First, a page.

In a widely anticipated announcement today, the new company Planetary Resources revealed their plans for near-Earth asteroid domination. The group has mapped out a multi-stage process to map, observe, capture, tow and eventually mine asteroids for valuables. "A single 500-meter platinum-rich asteroid contains the equivalent of all the platinum group metals mined in history," reads the company's press release. The first steps are already underway: the company plans to launch a small telescope dedicated to asteroid hunting by the end of 2013, according to Phil Plait, who wrote an excellent description of the project at his Bad Astronomy blog.
Platinum isn't the only prize. As the company sees it, the goal is not to pillage space for materials we need on Earth so much as to develop the near-Earth infrastructure for space exploration. Water, for instance, is heavy and essential—you can't very well freeze-dry it like ice cream—but many asteroids contain a lot of ice that can be extracted (though exactly how remains unclear). "Our mission is not only to expand the world's resource base, but we want to increase people's access to, and understanding of, our planet and solar system by developing capable and cost-efficient systems," said Chris Lewicki, the president of Planetary Resources and its chief engineer, in the release.
The project's motivation becomes more evident when you take a look at its roster of investors, which includes Larry Page and Eric Schmidt of Google; Charles Simonyi, former chief software architect for Microsoft; Ross Perot Jr., former chairman of technology company Perot Systems; and the filmmaker James Cameron. Page and Schmidt have demonstrated their interest in space exploration with their sponsorship of the Google X Prize contest to land a rover on the moon. Simonyi has twice bought himself a ride to the International Space Station, and James Cameron has an exploration bug which recently made him the first person in a half century to reach the bottom of the Mariana Trench. Like Paul Allen, Jeff Bezos and Elon Musk before them, these technology entrepreneurs are spending their billions to conquer the last frontier. Whereas the Carnegies and Fords of a century ago may have used their riches to fix the planet's problems, the tech giants of today are funding a ticket off. (Bill Gates is a notable exception.)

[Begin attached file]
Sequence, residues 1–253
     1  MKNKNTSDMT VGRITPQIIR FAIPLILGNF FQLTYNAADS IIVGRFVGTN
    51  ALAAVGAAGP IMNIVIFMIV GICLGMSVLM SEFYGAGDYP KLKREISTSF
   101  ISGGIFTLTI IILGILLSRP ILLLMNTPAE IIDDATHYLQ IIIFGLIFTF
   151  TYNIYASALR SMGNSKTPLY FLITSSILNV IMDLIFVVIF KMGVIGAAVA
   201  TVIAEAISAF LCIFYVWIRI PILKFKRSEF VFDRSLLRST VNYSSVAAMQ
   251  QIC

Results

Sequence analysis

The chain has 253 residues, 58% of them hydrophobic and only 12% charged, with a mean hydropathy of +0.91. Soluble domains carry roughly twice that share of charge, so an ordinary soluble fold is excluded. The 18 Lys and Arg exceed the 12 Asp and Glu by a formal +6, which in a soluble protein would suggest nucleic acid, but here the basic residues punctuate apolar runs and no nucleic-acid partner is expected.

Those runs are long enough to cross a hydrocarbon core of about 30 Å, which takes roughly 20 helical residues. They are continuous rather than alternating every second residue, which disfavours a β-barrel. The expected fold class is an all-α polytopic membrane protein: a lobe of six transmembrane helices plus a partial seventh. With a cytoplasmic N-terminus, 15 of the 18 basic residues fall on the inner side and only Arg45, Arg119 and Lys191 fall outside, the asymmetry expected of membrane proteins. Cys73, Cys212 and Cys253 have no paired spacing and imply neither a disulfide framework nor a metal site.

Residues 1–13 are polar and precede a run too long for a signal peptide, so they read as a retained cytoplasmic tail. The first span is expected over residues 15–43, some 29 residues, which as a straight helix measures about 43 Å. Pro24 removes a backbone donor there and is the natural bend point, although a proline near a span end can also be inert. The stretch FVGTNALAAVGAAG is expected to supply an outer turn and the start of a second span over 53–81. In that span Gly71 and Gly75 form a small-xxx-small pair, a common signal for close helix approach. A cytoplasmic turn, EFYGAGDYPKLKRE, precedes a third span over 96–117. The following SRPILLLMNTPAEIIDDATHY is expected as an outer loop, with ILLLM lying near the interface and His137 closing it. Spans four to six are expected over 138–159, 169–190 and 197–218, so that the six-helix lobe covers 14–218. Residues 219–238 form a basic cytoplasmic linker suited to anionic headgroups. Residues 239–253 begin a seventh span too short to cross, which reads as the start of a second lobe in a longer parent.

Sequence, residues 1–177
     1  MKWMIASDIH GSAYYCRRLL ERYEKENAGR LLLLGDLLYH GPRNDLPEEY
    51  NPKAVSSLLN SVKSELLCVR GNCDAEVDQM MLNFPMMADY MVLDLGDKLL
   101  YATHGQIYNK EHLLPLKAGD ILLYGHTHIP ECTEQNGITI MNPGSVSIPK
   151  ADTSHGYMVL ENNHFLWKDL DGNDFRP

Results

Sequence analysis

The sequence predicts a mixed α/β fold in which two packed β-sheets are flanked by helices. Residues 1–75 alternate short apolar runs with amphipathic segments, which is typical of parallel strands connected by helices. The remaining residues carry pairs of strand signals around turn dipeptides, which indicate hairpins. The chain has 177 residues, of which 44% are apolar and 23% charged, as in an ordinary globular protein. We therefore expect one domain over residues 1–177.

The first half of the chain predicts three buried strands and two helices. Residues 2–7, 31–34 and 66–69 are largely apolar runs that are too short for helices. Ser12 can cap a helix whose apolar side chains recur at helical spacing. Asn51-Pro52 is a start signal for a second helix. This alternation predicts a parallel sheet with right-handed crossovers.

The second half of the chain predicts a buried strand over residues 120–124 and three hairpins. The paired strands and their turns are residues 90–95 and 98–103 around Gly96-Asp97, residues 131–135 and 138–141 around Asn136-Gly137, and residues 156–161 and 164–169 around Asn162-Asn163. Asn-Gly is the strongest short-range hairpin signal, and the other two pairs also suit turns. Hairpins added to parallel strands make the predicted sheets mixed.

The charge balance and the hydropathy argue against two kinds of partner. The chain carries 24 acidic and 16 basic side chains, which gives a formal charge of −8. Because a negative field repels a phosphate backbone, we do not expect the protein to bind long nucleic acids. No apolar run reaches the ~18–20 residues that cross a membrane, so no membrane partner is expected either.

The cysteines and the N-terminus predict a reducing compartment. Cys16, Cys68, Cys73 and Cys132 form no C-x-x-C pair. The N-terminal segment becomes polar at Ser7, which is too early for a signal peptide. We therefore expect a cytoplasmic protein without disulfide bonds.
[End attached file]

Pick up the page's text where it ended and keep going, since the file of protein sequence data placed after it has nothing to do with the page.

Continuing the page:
Despite initial skepticism, the Planetary Resources plan seems like it is at least not totally insane. The company is not claiming to be able to lasso platinum-laden space rocks back down to Earth. Rather they have outlined a cautious step-by-step approach that is not unlike the exploratory strategy that NASA Jet Propulsion Laboratory mission architects Damon Lindau and Nathan Strange laid out in Scientific American's December 2011 issue. Asteroid towing is also theoretically possible, as described by scientists and astronauts in a 2003 SciAm article about how to prevent a dangerous asteroid from ending civilization. If the company can establish an orbital base, a mining operation could in theory extract the energy and materials it needed to operate, eventually making it self-sustaining. If only the same thing could be said of its home planet.
Image of the asteroid Vesta as seen by the Dawn spacecraft courtesy NASA/JPL-Caltech/UCLA/MPS/DLR/IDA